Overall, employees like the programs, Oliver reported. She said sometimes staffers feel burdened, but they are given a month to complete a course so they don't feel as if they have to put everything else on hold.

"It is easy to inundate the frontline staff because they have to remember so many things," she said. "We establish a learning culture within Mountain America. We do a lot of training, so many of our employees simply feel it is normal. They are learning a lot, but that is what they are used to. We have employees in four different states, so the online courses help us get information out that is consistent and timely."

Although Oliver does not think any CU's staff can ever be 100% prepared, she said MACU is "much better prepared than before."

Don't Hold That Applause

With the training programs in place, MACU implemented a review of its rewards and recognition program and found it lacked a day-to-day recognition component, leading to the creation of its "Applause" system.

Applause is structured to provide employees with two benefits-financial recognition for performance and personal recognition for a job well done.

Personal Recognition comes through eCards. All employees can send eCards to anyone in the credit union using a variety of customizable templates. The theory: it not only encourages peer-to-peer recognition, but employee-to-manager recognition as well.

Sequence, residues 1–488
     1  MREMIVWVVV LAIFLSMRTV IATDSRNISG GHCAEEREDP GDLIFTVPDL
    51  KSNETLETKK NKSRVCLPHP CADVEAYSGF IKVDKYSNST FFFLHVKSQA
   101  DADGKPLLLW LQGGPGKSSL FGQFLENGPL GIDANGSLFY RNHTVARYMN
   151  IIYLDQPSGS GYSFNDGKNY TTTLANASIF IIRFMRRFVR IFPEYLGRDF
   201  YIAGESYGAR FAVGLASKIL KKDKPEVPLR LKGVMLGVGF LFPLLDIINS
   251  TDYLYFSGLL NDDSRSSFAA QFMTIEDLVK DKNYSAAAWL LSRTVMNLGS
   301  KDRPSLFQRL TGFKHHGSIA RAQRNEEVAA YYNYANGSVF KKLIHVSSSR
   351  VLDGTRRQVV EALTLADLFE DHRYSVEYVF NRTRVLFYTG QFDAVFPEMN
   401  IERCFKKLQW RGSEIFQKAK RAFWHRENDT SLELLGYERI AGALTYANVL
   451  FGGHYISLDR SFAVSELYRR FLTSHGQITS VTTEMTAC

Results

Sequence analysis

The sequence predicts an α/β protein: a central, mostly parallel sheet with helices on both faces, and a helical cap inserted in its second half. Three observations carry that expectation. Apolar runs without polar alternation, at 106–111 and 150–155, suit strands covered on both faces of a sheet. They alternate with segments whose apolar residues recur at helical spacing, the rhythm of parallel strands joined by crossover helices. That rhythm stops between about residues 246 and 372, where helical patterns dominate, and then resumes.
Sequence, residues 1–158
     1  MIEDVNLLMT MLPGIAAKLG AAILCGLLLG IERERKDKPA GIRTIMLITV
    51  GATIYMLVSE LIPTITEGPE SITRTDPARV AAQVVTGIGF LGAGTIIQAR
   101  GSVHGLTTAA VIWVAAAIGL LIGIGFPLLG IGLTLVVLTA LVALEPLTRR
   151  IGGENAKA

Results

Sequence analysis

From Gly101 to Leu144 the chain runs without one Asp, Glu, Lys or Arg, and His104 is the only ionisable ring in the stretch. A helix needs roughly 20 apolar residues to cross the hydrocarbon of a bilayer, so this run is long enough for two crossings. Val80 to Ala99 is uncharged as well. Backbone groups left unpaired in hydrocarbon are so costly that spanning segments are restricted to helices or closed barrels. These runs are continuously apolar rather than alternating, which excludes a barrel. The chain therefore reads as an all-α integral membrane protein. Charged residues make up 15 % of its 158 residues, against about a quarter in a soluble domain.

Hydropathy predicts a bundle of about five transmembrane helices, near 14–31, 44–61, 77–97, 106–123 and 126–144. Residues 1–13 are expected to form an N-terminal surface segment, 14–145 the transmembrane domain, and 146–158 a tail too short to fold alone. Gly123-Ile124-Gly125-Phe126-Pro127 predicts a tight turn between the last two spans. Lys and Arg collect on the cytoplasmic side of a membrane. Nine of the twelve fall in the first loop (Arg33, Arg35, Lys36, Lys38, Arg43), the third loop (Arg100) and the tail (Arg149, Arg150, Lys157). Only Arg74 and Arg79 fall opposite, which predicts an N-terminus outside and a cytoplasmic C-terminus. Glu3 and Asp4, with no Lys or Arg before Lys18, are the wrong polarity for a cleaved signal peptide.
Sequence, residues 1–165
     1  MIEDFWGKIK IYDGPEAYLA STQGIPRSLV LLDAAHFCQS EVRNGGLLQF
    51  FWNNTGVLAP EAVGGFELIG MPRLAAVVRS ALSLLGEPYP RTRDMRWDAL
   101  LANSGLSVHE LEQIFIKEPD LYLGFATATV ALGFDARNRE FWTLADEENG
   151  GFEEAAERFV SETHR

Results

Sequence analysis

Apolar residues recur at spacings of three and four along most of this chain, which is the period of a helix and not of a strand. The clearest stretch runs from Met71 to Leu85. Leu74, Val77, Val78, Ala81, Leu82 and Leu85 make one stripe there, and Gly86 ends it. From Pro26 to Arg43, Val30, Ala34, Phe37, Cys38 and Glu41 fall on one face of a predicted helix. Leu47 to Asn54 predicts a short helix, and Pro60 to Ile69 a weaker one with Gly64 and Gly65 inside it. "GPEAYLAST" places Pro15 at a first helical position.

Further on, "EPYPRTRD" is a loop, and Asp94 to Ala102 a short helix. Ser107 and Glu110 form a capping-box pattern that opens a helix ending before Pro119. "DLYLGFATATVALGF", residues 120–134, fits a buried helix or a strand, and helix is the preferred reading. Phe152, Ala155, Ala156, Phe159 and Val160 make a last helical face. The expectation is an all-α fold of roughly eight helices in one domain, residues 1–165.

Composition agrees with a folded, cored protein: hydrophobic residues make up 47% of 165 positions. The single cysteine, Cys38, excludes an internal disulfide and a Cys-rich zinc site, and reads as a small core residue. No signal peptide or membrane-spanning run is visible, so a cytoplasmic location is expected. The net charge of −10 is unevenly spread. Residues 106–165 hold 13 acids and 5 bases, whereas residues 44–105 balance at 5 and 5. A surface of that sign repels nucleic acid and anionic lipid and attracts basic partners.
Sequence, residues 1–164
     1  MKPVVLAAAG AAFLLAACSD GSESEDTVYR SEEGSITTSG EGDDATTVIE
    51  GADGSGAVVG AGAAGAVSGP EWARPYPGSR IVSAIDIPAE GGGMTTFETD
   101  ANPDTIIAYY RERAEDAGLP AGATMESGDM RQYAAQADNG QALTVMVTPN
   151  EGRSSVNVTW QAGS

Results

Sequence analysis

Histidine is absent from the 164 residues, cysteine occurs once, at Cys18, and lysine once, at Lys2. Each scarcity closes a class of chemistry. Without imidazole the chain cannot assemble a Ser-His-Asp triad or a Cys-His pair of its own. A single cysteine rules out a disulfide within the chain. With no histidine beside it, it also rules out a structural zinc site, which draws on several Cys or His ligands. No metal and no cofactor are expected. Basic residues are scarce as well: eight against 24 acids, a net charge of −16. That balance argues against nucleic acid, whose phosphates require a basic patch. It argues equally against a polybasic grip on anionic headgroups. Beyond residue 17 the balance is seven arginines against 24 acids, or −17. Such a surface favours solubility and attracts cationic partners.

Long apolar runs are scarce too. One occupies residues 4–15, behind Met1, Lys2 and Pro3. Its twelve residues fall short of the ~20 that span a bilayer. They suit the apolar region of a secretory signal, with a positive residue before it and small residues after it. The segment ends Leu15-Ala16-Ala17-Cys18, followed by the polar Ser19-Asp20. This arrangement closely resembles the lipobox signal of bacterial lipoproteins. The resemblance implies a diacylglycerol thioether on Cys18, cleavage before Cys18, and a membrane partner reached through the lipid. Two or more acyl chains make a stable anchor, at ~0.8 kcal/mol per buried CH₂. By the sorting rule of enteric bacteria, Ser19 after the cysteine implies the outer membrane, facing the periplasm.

Financial Recognition is in the form of points. Managers can award points to any employee in their direct reporting line, as little as $5 up to $100 at one time. The points can be redeemed immediately, or employees can save their points for bigger ticket items, such as a Wii or a family vacation.

The main Applause landing page receives nearly 1,500 unique hits a week, and by the end of the first quarter of the program, 62% of MACU's managers had awarded points, and nearly 90% of all managers had recognized their employees through eCards.

To date, managers have awarded 130,375 points. The CU reported that employees have cited Applause as a great benefit in employee engagement surveys.

'Aspirational' Elements

Lynn Stephens, SVP of human resources, said while some employees immediately cash in their points for a free lunch, others prefer the "aspirational" element of saving points for something extra nice.

"One of the most expensive items is a kayak, so we joke there are 'Kayak Folks' out there who are saving up points," he explained. "So there is a forward-looking aspect, but also there is a reward for a job well done. We wanted to have it be more than just a dollar awards thing. When a manager recognizes an employee there is a points award, but it is great to have a peer-to-peer recognition."

Applause is easy to use, Stephens continued, noting it is faster than pulling a thank you note out of one's desk and writing a note. There is a range of designs. "We talked to a bunch of people before we rolled this out and tried to find the best way to do it," Stephens recalled. "The recommendations we got were for it to be points-based, allow for peer recognition and make it web-based do anyone can look at it wherever they are. It has worked really well. People use it. It is imbedded in our culture now.